Notebook-as-PDF, save notebooks as PDFs

Notebook-as-pdf is a new Jupyter extension to save your notebooks as PDF. It combines three ideas: no page breaks (who needs pages anyway?), use chromium (byebye latex!) and attaches the original notebook to the PDF (hello reproducibility!). Try it on or look at the source code.

The created PDF will have as few pages as possible, in many cases only one. This is useful if you are exporting your notebook to a PDF for sharing with others who will view it on a screen.

There is an example notebook in the repo which renders to a PDF that looks like this:

To make it easier to reproduce the contents of the PDF at a later date the original notebook is attached to the PDF. Not all PDF viewers know how to deal with attachments. This mean you need to use Acrobat Reader or pdf.js to be able to get the attachment from the PDF. Preview for OSX does not know how to display/give you access to PDF attachments.

I built this because i realised a lot of people convert their notebooks to PDF for sharing by email or archiving for compliance reasons, not for printing. This means you don’t really need to have A4 pages any more. Then I learnt that you can attach files to a PDF which gave me the idea to attach the original notebook so you could later find it.

Currently it is a bit tricky to install notebook-as-pdf on Windows because of the library it uses for PDF handling. Switching to a library that is “pure python”, yet robust (PDF is a crazy format) would be great. Alternatively I am thinking of making “attach to PDF” a optional feature to. Thoughts (or code) on this would be very welcome.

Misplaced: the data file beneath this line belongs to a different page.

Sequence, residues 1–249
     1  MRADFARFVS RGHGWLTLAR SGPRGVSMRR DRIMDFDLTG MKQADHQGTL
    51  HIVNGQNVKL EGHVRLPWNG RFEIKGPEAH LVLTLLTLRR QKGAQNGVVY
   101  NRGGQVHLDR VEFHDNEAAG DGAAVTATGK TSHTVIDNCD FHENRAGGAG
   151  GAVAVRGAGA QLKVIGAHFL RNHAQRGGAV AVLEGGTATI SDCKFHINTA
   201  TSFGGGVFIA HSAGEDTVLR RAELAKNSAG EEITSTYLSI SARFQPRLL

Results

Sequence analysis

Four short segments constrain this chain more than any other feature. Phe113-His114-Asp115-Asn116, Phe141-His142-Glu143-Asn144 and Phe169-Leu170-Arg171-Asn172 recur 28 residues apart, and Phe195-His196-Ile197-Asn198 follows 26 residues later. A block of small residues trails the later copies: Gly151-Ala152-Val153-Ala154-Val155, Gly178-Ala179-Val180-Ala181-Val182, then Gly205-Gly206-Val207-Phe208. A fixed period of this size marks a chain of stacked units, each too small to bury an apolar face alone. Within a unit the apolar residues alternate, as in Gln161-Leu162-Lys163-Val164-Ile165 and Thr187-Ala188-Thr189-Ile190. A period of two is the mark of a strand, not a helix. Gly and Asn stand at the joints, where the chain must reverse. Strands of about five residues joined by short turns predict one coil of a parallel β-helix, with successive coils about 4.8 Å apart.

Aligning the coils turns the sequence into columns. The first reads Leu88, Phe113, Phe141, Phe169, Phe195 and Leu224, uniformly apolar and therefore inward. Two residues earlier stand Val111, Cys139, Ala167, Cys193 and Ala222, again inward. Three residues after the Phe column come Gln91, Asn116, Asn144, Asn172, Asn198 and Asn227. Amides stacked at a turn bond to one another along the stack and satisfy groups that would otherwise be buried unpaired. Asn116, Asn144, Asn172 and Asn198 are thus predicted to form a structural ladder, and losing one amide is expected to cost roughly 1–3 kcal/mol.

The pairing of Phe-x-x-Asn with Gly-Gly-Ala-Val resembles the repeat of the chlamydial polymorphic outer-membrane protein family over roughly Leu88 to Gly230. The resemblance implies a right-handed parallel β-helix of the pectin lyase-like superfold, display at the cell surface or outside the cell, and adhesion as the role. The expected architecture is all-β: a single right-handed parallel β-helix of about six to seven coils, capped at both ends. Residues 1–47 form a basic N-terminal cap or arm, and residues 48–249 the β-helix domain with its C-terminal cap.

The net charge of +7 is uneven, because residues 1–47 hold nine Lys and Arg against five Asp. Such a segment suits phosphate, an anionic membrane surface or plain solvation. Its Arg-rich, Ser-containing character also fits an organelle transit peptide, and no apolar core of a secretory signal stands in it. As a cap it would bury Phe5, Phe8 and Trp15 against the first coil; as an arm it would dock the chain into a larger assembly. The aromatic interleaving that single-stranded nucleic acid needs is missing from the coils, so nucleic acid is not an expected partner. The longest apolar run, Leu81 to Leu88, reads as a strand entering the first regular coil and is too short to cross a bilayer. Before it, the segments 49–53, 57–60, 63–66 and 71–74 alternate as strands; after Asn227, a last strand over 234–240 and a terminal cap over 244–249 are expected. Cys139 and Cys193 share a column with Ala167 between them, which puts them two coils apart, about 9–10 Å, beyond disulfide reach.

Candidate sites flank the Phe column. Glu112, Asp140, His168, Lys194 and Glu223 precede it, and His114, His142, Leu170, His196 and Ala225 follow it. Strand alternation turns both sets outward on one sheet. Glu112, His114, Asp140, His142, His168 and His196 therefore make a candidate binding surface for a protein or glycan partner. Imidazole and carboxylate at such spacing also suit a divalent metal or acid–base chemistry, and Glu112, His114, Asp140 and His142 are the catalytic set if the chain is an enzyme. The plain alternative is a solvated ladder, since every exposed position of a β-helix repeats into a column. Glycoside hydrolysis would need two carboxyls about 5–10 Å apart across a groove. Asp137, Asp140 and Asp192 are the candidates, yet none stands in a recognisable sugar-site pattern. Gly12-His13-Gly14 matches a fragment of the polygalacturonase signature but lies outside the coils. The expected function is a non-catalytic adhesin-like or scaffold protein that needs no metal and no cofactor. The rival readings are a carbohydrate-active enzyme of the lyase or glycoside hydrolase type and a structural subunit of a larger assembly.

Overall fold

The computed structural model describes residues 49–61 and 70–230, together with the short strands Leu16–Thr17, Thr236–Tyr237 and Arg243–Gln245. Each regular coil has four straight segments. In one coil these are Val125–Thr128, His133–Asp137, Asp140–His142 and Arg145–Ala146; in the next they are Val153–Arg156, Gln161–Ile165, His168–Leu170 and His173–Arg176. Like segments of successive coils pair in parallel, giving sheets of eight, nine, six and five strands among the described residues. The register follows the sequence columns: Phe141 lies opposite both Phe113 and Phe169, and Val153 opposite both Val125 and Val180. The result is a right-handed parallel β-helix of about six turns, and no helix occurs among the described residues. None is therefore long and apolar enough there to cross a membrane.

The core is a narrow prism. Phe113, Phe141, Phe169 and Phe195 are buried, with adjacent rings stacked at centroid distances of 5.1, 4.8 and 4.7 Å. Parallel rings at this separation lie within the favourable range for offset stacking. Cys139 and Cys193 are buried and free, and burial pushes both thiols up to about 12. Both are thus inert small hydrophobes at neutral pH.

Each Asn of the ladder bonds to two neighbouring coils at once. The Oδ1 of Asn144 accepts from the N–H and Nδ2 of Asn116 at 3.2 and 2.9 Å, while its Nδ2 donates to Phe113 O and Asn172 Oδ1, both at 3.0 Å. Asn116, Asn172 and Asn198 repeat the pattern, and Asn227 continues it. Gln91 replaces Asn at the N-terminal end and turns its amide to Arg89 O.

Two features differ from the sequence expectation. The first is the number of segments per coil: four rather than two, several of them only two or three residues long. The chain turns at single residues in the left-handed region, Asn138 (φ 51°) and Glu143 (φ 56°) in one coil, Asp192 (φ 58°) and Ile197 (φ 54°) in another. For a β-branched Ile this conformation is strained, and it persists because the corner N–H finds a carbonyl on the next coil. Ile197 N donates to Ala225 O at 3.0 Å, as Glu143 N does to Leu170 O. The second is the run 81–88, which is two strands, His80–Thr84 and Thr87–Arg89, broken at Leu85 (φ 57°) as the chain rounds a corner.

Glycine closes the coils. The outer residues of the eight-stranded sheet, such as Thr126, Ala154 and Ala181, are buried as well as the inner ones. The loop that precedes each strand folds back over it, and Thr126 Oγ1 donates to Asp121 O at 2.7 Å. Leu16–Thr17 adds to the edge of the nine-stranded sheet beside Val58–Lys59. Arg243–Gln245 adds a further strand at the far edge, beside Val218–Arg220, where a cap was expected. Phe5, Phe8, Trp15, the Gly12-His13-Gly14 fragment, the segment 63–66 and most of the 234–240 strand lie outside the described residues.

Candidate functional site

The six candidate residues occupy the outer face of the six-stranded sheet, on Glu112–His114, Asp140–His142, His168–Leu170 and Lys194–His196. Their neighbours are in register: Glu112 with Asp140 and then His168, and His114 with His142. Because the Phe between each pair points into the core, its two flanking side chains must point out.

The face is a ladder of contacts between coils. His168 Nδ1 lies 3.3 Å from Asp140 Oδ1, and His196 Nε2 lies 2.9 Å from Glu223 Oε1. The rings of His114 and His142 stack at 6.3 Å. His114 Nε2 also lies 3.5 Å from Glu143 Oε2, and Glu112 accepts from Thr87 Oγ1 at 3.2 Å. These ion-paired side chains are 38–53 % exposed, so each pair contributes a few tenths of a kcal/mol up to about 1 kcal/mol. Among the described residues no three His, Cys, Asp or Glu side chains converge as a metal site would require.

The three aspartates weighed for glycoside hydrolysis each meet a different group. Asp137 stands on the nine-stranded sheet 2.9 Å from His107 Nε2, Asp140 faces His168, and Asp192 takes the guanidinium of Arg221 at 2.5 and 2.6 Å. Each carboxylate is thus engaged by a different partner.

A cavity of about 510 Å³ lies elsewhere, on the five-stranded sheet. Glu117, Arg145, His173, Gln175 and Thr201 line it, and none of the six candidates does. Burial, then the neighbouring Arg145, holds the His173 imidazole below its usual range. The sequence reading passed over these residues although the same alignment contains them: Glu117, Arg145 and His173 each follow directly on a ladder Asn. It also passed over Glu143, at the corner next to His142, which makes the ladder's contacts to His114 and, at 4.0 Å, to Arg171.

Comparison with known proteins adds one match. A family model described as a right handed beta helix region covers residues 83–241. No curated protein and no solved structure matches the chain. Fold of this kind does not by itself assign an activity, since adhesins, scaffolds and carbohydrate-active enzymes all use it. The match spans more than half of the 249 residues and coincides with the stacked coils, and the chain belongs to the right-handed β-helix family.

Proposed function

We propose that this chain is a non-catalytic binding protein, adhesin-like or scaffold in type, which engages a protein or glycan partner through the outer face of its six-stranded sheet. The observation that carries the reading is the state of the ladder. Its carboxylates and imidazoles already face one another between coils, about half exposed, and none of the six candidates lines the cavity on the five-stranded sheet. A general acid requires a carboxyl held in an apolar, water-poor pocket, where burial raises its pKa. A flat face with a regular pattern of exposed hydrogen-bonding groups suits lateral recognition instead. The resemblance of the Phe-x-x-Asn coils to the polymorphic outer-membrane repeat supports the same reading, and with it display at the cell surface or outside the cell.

Hope this is useful for you (or at least an entertaining toy) :smiley:


This is great!

Don’t know if it’s useful, but PyQt is hard to not have if you’re using conda, and it works fine on Windows. It contains it’s meandering root that led to khtml, etc. so it’s an alternative to rendering with Chromium but still in the same family tree. Using PyQt is pretty similar to the strategy employed by phantomjs, just with python.

The core logic I wrote to render from HTML to PDF is here:

If you want it, name a license and I’ll add that to the repo. Note that the more up-to-date version is only in the 2017fall branch.

(In case you’re curious, this was to generate certificates of completion for a kind of on-line buddhish program - you can totally ignore the templating stuff and the form data fetch).

I actually think there is a reasonable approach to modern typesetting that uses a stack like this - there are REALLY good tools now for controlling layout in a browser. Feel free to pull me in if you want for a contribution or review. And thanks for this contribution!

1 Like

I’ll try out the QT based rendering. Even if it is just for laughs :slight_smile:

The problem isn’t chromium for the HTML -> PDF conversion. That seems to work well (I’ve not had any complaints yet).

The thing which is tricky is pikepdf which is used to attach the original notebook to the PDF. pikepdf is a Python interface to qpdf which is written in C++ or C. Getting those two installed on windows seems to trip some people up. There is a conda-forge package for pikepdf but last time I checked there wasn’t one for windows.

There is also the fantastic pdfrw (pure Python and robust) but for reasons the way it handles Python 2 and 3 compatibility (strings vs bytes) means I couldn’t figure out how to use it to attach a file to a PDF :frowning:

This is why I am looking for a pure Python PDF library to handle the attachment bit.

The extension has received a few updates in the mean time.

The interesting ones:

  • we generate a table of contents in the PDF based on the main headings in the notebook
  • installing on windows should be easier
  • works better on linux/in CI systems

You can try it here. or just look at the example PDF.

1 Like

Here’s complementary approach for people who are using myst_nb/sphinx. It provides hard pagebreaks, custom headers and margin sizing along with the myst cross-referencing etc.


1 Like